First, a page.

On the south side of Little Cayman is a shipwreck called the Soto Trader, a 120 foot steel hulled cargo vessel. Before demise in 1975, she served as the sister island’s primary supply ship. Sitting upright on a flat sand bottom with a maximum depth of 50 feet, the wreck offers an easy dive with plenty of fish action and coral covered artifacts to explore, including the engine blocks and chassis of two Jeeps still in her holds.

There are several wreck sites on Grand Cayman that are easily dived. The best known among West Wall’s wide variety of sites is the Oro Verde, meaning Green Gold. Originally named the Navajo, sistership to the infamous Pueblo, the battered remains of this former 184 foot Liberty Ship turned freighter (sunk by the Cayman government in 1980), rests up against a reef line between 50 and 60 feet. Although the wreck has been fairly well flattened across the broad, white sand bottom, the site is a popular choice for both its ideal depth and for students on their first checkout dives. On any given day, there is guaranteed to be large aggregations of Yellowtails, Bermuda Chubs, and Horse-eye Jacks. Other fish that frequent the site include a few pugnacious angelfish and groupers, milling schools of snappers and grunts, as well as a large colony of Garden Eels out in the sand.

North of the Oro Verde, at the same depth, is the 70 foot cable layer Doc Polson, named in honor of Doctor Polson’s efforts in establishing the island’s first hyperbaric chamber for treating diving accidents. The vessel (sunk in 1991) sits upright on a white, sandy plain, surrounded by Garden Eels, with a low reef off to one side. From April through June, the lower holds and engine compartment are usually filled with clouds of Silversides, sometimes so thick it is impossible to see.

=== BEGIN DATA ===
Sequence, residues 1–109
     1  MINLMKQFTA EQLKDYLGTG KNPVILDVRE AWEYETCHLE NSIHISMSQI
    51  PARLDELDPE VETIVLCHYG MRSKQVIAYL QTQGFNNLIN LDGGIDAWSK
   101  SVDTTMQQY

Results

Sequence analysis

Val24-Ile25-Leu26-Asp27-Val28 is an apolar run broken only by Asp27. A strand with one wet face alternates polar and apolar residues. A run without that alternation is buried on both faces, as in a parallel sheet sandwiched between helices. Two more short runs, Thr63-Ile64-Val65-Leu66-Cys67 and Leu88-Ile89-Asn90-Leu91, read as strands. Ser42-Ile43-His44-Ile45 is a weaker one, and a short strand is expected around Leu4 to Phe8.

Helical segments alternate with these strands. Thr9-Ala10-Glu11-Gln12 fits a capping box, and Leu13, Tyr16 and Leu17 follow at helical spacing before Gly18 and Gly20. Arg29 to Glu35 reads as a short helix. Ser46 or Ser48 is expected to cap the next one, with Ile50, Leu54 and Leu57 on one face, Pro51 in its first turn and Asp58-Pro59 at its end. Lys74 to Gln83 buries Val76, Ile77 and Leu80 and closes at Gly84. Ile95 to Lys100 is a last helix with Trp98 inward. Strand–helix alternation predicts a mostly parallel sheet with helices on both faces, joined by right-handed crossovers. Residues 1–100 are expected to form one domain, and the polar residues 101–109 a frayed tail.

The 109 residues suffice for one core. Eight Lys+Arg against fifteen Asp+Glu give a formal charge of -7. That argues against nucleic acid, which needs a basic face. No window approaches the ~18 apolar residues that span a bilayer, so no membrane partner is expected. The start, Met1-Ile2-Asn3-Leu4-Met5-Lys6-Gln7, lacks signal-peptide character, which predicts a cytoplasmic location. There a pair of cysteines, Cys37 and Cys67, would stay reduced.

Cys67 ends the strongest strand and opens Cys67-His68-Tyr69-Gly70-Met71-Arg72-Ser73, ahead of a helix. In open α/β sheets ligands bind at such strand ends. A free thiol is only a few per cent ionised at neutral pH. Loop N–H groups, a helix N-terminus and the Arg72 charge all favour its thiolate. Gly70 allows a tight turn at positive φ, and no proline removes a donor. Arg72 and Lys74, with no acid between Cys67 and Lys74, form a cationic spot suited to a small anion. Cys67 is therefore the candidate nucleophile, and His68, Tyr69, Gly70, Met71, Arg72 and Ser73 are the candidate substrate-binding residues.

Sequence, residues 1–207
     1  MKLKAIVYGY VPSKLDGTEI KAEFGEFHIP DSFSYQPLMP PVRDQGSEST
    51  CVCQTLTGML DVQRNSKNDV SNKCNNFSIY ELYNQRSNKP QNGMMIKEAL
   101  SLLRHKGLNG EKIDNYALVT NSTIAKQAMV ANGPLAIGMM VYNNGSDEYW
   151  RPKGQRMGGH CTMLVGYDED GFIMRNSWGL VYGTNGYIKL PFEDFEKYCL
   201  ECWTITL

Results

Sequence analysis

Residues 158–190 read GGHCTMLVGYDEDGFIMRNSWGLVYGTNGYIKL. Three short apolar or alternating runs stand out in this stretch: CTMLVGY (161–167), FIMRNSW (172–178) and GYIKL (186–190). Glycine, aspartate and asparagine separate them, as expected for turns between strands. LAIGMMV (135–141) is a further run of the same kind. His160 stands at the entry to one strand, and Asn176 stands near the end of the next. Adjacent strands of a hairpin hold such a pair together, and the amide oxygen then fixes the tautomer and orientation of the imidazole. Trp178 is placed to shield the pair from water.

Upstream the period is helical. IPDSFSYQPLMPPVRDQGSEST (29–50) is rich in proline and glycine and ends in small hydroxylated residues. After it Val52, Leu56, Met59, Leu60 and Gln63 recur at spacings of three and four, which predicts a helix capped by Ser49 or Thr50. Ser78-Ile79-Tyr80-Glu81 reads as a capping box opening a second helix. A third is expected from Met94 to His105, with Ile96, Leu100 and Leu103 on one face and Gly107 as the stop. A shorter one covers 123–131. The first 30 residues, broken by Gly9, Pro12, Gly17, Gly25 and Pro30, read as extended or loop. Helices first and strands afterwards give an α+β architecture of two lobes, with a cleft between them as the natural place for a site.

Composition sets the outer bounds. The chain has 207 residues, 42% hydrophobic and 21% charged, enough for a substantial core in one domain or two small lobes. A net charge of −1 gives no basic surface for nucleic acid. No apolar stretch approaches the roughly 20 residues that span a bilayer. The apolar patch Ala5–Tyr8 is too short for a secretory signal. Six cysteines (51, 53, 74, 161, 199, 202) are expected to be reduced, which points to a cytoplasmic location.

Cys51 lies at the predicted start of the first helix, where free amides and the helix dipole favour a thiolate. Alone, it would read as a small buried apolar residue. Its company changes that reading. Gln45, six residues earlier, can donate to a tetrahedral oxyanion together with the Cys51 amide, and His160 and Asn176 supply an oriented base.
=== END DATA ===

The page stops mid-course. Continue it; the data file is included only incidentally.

One of Grand Cayman’s star attractions for night diving is the wreck of the Balboa. Lying directly off George Town Harbor, the ship was a 376 foot freighter that sank while at anchor during a severe hurricane in 1932. Today her jumbled remains rest in 30 feet of water, strewn across a large stretch of sandy bottom by her subsequent dynamiting to clear the harbor entrance. Besides her adornment of colorful sponge growth, particularly on a portion of her stern (flipped upside down) and segments of the hull’s steel ribbing (standing upright out of the sand), the Balboa is a haven to myriad small, nocturnal creatures from lobsters and spider crabs to octopus.

Additional wrecks around Grand Cayman in easy diving depths include the LCM David Nicholson, a 50 foot World War II landing craft sunk 200 yards off Sunset House Resort in 55 feet of water. One of the least visited sites is the battered remains of the Ridgefield. Built in Maine in 1943, the WW II Liberty Ship was the victim of the East End’s shallow barrier reef. Today she lies severely broken up on both sides of the reefline in easy snorkeling depths of 3 to 15 feet. In addition to an abundance of small reef fish, divers and snorkelers should find her large steam engine and massive 15 foot diameter propeller standing up out of the bottom.

Recapping all the Cayman Islands have to offer, the choices are obvious. Besides cruising the walls, go dive on a wreck for some additional excitement.